Thursday, May 10, 2007

Where Are The Anti-Communist Movies?

David Boaz asks this over at TCSDaily. He makes the point that we're still kicking Nazis in the movies, and British colonialism gets kicked from both the left and the right, but there has been precious little on the 1-200,000,000 killed in the 20th C under communism. There are a few movies, which he notes, but not many. Out of that many deaths and that interesting a bunch of maniacal dictators, there must be another story or two, eh?

The obvious conclusion Boaz wants us to draw is that Hollywood, and the arts crowd in general, underplay how miserably evil communism was, because they are a left-leaning group. (He fails to mention all those comedies about lovable and wacky Russians that populated the screens from 1960-1990. They also had their effect.)

That's a reasonable point, but it is part of a larger, more reasonable point: no one anywhere does historical movies unless they have a modern lesson in mind. It is rather like the Robert Fulghum post below. When you use an historical subject, you get to subtly say Do we have to keep learning this lesson over and over, people? This isn't new; it's a lesson you should know by now. It's an equal opportunity condescension, as we have all see it used to make a variety of religious or anti-religious, American or anti-American, moral or amoral points.

It's a lot more artistic than Fulghum is, though.

5 comments:

Wyman said...

Anti-Communist movies don't fly in Hollywood. What does fly is stories about people who were accused of being Communists, but actually were not. There are countless examples of this. Every TV show for the next twenty years did a version or two: I just saw the take that "M*A*S*H" did a few nights ago on late-night TV. I myself own Guilty By Suspicion and The Majestic, two of many movies about screenwriters getting the shaft during the hunt for Reds among Americans.

Hollywood just isn't going to go against the grain and make a lot of movies about how Communism was bad and a scourge. Then it might make it look like the people investigating Communism in America might have just had a point somewhere, when everyone knows that these people were the real enemy.

Though, to play Devil's Advocate, how can you not mention Rocky IV? One of the most important anti-Communism movies of all time. "If I can change, you can change, everyone can change."

bs king said...

I'm curious...is this an underplaying thing or a wuss thing? Communism ended a lot more recently than the third reich, and movie makers like to be able to take lots of liberties (i.e. they don't like to have people argue with them on silly facts) to provide the entertainment punch. I mean, really, you go the extra mile in depicting the Nazis as evil, stretch the truth a bit, and who's going to take issue with it? It's a regime that fell completely, and has no defenders left. Communism however, is still alive and kicking in a lot of spots, and is a fresh wound for a lot of people. I mean, what movie maker doesn't want to go for the easier punch? Nazis are bad! (cheers from the crowd) Africa's a mess! (cheers and general humanitarian feel good fuzzies) Communism was bad! (a general mood of wait...how is Russia doing now, and isn't China still communist???) It's a tougher sell. Plus if people really are doing historical movies with modern lessons in mind, they don't want complicated historical issues...they want straightforward vehicles that carry their point without getting muddied down.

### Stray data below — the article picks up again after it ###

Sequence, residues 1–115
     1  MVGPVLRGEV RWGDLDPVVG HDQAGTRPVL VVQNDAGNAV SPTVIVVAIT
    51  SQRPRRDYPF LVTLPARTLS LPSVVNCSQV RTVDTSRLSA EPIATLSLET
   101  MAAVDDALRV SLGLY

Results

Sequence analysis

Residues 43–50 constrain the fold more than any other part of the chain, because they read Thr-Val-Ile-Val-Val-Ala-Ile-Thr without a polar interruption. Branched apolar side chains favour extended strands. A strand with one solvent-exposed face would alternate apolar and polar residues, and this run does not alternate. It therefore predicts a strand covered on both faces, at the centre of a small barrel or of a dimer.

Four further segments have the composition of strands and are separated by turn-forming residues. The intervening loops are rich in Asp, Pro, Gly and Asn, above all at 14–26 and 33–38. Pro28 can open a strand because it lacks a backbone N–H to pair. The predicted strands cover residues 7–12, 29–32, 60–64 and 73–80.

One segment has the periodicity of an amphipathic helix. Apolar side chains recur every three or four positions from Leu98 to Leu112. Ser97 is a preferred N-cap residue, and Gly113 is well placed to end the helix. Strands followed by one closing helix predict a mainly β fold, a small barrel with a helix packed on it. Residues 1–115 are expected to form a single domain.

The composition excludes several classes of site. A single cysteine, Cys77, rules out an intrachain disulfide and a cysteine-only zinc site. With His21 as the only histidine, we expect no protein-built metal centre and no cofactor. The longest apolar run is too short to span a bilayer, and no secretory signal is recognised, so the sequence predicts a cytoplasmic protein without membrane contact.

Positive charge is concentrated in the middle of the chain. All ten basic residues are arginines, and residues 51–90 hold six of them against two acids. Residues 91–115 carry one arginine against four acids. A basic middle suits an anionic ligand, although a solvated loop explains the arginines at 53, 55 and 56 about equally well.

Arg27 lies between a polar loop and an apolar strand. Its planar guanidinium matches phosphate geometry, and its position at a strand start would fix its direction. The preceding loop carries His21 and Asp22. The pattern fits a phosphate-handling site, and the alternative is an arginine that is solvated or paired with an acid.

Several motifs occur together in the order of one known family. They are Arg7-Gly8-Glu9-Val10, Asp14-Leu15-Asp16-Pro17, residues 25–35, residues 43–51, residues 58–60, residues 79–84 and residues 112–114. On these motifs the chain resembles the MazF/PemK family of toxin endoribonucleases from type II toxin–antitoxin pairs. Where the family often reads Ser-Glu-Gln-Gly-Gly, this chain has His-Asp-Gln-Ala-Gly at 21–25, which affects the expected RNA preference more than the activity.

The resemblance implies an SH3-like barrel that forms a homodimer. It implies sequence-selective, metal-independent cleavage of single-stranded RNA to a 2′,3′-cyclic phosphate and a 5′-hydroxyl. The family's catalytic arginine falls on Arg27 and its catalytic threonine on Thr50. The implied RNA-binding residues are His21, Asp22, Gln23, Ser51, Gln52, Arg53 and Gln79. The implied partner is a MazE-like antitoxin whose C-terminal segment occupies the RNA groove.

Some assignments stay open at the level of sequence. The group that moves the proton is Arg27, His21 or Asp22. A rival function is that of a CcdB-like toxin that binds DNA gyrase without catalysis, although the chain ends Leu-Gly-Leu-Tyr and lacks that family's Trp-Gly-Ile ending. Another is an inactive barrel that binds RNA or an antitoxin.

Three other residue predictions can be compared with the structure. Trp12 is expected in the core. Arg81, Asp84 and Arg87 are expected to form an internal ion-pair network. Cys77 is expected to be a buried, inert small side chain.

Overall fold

To add to Ben's Rocky point though, where were the James Bond references??? He's been fighting the Commies for decades.

Anyway, back to a serious point, Nazi movies always reminded me of the phenomena in health care of the mean non insured patient with no family getting stuck out in the waiting room or getting inferior care because we all know there's not any ramifications to treating them that way...not for our conscience (well, he's mean) not for our job (no insurance, no family, no connections). People do it because it's easy and they can. After reading this article, I would compare Communism movies to that nasty patient that you realize somewhere along the line just might be related to someone.

Actually, I'm pretty sure after looking back over what I just wrote that it's possible that all of that is only a small factor. The real root might be that the story of communism is one of good intentions gone horribly, horribly awry...and that's one story that it does make sense that many of your current Hollywood actors-turned-activists would avoid like the plague. But they meant so weeeeeeeeeeeell.

Purple Avenger said...

That's cuz commies are still "cool"...Che T-shirts and whatnot.

Assistant Village Idiot said...

Actually, the Rocky and James Bond references do point to something interesting. Action movies, that lots of people see but don't get nominated for anything, often villains or opposing forces which are barely-disguised Commies. Interesting, though, the story is about us, with them filling in the slot as bad guy. It's still not a movie about any of them or struggles they're having over there.

Yeltsin vs. Gorbachev in the collapse of the USSR is a fascinating story that's not going to be made into a movie.

terri said...

Perhaps, there are still too many communistic countries for Hollywood to feel comfortable making the anti-commie movie. China, Cuba, Venezuela, Vietnam, etc. are all alive and well...and still pretty scary.

Plus, those who are most "anti-communism" also tend to have more conservative viewpoints with which Hollywood chooses not to associate. Heaven forbid they agree with the "opposition."

What's interesting is that Big Brother themes always are used in movies and popular culture, but the concept of the all-powerful state is based on the atrocities of communism. However, they are usually used to blast social conservatives, those who are furthest from the communist ideal.